That is my trailer sticking out the water beyond the boat. I have to clean and regrease the wheel bearings every month and also carry a spare set in the car. The trailer is hosed down with fresh water after every trip.

It took longer to write about launching it that it took in real life. Once the boat was in the water with engine attached, I pumped the tubes up to working pressure. A few strokes with the hand pump was suffice.

Then I was off on my first sea voyage in the new boat......

Thursday, 15 August 2013

End of the Gurnard's First Voyage

If you wonder where I have been, I have not been lost or drowned at sea in my new second hand inflatable, I have been too busy customising it to my needs and having several adventures that I could only dream about in my little inflatables. I will post those in due course.. but first.. it time to finish my tale of its first voyage in Loch Etive.

There were boats of all shapes and sizes on Loch Etive that wonderful summer's day. Im pleased for this couple that the wind and waves never got up. The term .... "Dont overload your boat" .. comes to mind. However they must have had a very memorably trip in their inflatable canoe in the heat wave.

I stopped for a late lunch on the sandy shores to the west of Ben Starav. I had to really struggle to keep myself from falling asleep after lunch. I was worried that at any moment I would awaken and find the day was all just a dream.

I decided to head to the west end of Loch Etive past the Bonawe narrows to see if there were any waves around. I was curious to see how she would handle a little chop. There were no waves there either...just a deep blue mirror.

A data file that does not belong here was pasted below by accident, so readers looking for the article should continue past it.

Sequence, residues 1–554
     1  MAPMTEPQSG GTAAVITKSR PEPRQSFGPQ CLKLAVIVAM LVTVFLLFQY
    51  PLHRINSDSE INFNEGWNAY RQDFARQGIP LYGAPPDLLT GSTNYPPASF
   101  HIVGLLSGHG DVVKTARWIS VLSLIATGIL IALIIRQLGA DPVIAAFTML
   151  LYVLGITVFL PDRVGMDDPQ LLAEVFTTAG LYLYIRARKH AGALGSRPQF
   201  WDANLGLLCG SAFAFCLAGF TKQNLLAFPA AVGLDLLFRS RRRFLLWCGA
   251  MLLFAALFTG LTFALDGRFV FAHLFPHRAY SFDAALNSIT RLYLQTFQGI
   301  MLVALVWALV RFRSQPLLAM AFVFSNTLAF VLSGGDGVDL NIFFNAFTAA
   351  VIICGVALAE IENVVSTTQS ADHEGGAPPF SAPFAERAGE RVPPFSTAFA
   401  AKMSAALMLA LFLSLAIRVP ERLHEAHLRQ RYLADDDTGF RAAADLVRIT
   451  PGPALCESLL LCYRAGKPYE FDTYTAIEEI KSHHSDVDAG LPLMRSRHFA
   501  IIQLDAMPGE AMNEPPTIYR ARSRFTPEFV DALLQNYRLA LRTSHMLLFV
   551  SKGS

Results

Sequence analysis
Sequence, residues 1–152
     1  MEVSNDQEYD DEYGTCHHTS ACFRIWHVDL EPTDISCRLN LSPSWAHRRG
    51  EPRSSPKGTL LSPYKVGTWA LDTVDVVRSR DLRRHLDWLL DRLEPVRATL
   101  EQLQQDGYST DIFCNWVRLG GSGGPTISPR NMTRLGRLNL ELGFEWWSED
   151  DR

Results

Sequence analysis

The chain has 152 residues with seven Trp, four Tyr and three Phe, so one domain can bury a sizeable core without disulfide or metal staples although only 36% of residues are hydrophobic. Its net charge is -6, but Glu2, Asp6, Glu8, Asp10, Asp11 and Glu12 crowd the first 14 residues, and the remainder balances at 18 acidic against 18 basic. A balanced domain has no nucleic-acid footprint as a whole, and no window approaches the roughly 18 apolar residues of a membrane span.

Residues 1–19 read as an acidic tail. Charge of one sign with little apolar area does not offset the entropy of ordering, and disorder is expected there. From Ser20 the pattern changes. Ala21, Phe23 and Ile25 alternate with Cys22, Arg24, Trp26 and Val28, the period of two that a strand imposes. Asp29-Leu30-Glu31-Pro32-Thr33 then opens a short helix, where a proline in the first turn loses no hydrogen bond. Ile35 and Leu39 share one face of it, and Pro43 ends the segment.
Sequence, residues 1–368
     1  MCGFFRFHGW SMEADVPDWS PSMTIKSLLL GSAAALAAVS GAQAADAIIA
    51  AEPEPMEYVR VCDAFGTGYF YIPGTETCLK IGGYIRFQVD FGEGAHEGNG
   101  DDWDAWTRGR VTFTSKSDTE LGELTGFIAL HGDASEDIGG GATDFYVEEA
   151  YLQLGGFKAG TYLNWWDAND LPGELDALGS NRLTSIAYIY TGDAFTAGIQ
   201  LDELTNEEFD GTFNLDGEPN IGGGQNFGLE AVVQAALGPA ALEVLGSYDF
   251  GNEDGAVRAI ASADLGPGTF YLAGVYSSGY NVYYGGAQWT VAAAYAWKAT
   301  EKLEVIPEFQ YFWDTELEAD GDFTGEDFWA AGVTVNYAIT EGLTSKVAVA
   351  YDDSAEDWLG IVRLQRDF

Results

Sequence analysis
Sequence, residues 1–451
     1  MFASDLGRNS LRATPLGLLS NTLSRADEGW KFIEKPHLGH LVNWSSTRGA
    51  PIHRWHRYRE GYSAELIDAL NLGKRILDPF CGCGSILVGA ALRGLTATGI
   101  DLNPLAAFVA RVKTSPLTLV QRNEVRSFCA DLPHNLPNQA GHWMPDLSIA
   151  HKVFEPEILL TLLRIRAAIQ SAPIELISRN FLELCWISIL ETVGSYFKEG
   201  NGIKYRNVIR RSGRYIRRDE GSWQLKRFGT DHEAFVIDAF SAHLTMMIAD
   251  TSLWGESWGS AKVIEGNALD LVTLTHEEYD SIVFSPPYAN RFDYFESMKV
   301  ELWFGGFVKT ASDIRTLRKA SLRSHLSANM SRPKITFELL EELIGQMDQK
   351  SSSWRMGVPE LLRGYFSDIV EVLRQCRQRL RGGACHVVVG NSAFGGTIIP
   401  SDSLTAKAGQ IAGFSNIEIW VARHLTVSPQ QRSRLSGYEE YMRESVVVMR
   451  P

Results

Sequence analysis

I played in the tidal flows to the east of Connel Bridge and the Falls of Laura. It was now low tide so I didnt want to try going over the falls in case I struck the ground or a rock. Its a very fast flow I will try it one day when the tide is in, so Im certain there is water depth.

Then I headed back to the Old Quarry at the narrows. I wanted to waste an hour or so to let the tide turn and start going up the beach a little at Kelly's pier. I dropped my fishing line and pulled out a fat little cod from the murky depths. Im glad my first fish was a Gurnard "The Old Cod" ..doesnt have quite the same ring to it as .. "The Gurnard"..the new name of my inflatable. I let the cod go again as Im no cod lover.

Then I headed for Kelly's pier and the recovery of my boat. I floated it onto its trailer but then found the full weight too heavy to pull out the water. I tied a long rope to the trailer.. put the 4x4 car on the beach and hauled it out that way.. it was then as easy as changing gear :-D

Satisfied that the engine seemed reliable and that the boat was steady enough.. I now couldn't wait to take her out to sea... that adventure.. coming soon :-D